you are able to identify them.
Be cautious of extraordinary bargains. Some things are just
too good to be true. If a product is far less expensive than a comparable item
sold elsewhere, it may be counterfeit. Although they may look the same as the
authentic item, counterfeit toys are unlikely to meet the same safety
requirements and may therefore pose a danger to your child.
Saferproducts.gov is a website where consumers can report
and review reports of harm relating to the use of consumer products. It is a
good idea to look up any product you are considering purchasing first to see
whether users have raised any safety concerns and how businesses have
Wherever you decide to shop, be sure to look for quality in
the toys you purchase for children. Poorly constructed toys, or those made from
cheap materials, may not be durable enough to withstand normal use. Make sure
plush toys have tightly secured eyes, noses and other parts. Keep in mind that
children have a knack for being hard on their toys. When toys break, they can
have sharp edges that can cut a child, and may become choking hazards. Choose
toys that can be easily cleaned.
When bringing a toy home
Start by reading and following the instructions for assembly
and use of the toy. Many toy-related accidents are simply the result of
normally safe toys being used for the wrong purpose or in unsafe conditions.
Inspect the toy to make sure it is in safe condition. Once the toy is
assembled, explain or model the proper use of the toy for your child. Be sure
to stress the importance of keeping toys, especially plush ones, away from heat
sources. A toy could catch fire and burn your child.
Promptly discard all toy packaging. This packaging can be
very dangerous to a child. Besides plastic bags, which are a choking and
suffocation hazard, they can contain small, sharp parts, like staples and ties.
These are cutting hazards.
Hang onto warranty information and usage instructions. You
may need to know who to contact if you have a problem with the toy, and you might
not remember how to properly clean the toy if it becomes soiled in the future.
If the toy you have purchased came with a product
registration card, fill it out and mail it back before you forget. The company
will use this in the event it needs to notify you that the toy is being
Taking care of toys
Teach kids not to leave their toys on the floor. Toys can be
stepped on and easily broken. Make sure kids’ toys have a designated place to
be put away when they are not in use.
Toy boxes do not need lids, but if they have them, they
should not automatically lock when closed. Hinges should have a safety
mechanism to prevent the lid from slamming onto a child’s fingers. Any toy box
should be easy for a child to climb out of and have air holes in case of
entrapment. Children should never have access to air-tight bins or old storage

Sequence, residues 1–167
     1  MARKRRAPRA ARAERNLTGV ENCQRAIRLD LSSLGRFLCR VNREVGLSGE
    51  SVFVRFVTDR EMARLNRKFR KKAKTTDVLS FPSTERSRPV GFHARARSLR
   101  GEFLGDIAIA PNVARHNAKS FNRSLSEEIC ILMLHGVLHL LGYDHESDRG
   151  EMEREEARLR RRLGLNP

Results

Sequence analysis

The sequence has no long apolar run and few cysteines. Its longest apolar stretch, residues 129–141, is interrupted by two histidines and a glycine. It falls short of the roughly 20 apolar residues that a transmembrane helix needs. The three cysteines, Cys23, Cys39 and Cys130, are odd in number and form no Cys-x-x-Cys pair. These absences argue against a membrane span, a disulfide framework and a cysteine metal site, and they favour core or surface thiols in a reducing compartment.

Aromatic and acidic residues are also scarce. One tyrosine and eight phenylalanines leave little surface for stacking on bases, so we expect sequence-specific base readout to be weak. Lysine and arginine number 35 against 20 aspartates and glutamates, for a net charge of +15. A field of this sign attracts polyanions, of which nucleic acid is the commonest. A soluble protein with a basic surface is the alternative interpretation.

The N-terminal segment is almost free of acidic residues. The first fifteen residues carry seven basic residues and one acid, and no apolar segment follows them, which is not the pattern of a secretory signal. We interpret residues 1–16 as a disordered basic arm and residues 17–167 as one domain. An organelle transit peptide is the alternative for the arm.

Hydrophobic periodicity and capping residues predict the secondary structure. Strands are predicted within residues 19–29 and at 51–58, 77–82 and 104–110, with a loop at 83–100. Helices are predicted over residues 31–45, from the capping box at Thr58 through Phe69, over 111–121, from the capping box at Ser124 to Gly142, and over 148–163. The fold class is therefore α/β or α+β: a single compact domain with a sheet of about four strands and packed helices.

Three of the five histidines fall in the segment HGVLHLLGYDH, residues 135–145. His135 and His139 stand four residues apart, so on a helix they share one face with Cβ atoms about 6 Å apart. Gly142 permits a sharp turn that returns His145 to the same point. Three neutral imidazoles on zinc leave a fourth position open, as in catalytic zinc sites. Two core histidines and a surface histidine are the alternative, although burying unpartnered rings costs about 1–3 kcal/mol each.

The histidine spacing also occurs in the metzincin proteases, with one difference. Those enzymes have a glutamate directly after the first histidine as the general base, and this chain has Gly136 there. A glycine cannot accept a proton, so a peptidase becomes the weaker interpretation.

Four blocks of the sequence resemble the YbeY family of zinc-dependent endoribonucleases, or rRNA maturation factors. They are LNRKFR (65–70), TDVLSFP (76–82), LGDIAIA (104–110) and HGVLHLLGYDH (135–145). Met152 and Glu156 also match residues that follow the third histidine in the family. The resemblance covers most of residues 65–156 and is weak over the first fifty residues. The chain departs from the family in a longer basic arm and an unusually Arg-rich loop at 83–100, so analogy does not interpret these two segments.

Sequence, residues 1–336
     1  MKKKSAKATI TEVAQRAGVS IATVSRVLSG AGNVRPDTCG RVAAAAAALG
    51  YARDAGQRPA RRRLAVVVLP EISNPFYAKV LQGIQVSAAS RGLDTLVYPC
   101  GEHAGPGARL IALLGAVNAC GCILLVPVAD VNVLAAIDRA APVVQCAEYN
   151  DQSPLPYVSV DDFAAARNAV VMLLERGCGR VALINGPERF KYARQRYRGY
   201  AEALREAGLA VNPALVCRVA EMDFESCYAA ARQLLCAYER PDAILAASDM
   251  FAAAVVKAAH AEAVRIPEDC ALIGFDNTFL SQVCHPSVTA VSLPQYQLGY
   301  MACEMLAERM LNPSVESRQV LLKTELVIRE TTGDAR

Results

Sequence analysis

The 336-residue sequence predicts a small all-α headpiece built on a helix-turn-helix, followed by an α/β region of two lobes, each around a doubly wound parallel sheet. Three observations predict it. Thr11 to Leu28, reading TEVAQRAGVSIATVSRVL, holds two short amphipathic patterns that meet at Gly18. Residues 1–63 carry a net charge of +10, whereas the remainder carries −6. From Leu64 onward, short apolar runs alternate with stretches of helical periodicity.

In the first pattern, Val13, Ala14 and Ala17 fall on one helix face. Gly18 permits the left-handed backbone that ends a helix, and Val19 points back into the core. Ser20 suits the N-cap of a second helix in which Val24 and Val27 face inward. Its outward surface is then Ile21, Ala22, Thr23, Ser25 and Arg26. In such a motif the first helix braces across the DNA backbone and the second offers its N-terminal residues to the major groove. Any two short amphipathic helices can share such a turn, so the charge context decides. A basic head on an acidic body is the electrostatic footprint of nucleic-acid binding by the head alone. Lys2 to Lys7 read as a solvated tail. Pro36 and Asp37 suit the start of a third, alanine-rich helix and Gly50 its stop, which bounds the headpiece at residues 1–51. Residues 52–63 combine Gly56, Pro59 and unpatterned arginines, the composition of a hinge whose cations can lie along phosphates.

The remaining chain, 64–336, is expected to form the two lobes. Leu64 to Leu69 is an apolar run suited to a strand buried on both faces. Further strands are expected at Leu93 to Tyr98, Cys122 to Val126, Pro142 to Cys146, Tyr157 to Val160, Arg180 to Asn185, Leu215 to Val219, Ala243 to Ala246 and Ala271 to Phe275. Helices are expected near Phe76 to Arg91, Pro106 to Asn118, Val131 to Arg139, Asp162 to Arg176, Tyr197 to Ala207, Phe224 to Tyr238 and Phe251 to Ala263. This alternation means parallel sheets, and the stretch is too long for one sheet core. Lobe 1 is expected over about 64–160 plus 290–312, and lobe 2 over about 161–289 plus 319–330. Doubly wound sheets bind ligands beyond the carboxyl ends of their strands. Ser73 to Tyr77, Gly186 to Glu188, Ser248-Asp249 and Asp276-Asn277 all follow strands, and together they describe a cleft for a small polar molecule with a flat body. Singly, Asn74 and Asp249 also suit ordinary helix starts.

Enlist older children in sharing the responsibility of
keeping their toys and games out of reach of their younger siblings. This may
require that toys be kept in separate rooms.
Keep toys clean to minimize exposure to irritating allergens
and germs that can sicken your child. Avoid using cleaning products with harsh
chemical agents, especially on mouthed toys. Non-porous infant toys can usually
be put through the dishwasher on the top rack. If your child is allergic to
dust mites, you can keep them at bay by putting any plush toys into the freezer
for several hours each week. You may also be able to put plush toys in the
laundry machine, but be sure to read and follow the manufacturer’s
Toys should be inspected periodically to ensure that they
are in good shape. Toys can become worn out. Wooden toys should not be
splintered, plastic toys should not be chipping and no metal pieces or screws
that could be swallowed should be exposed. Throw away toys that have bite marks
or cracked or peeling paint. Inspect electrical toys to ensure that wiring is
not exposed. If you are not able to get a toy clean, it is time to toss it.
Unsafe toys should be thrown away where children cannot find
them. Do not save them for rummage sales or pass them on to other children.
A periodic inspection is also good time to assess whether a
toy is still safe and appropriate for your child’s current developmental stage.
There is no substitute for careful supervision of children.
Not only can you keep your child safe by keeping a watchful eye on playtime
activities, but you will learn how your child likes to play and what his or her
capabilities are. You can apply this information in selecting appropriate toys
for your child’s stage of development. Keep in mind that product warning labels
refer to the minimum age at which a toy may be appropriate.
Not every child who reaches the referenced age will be
mature enough to safely use the toy yet.
Finally, have fun
Playtime is your child’s opportunity to experiment, explore
and experience the world. With a little thought and some safety precautions,
both parents and children can have a great – and safe – playtime.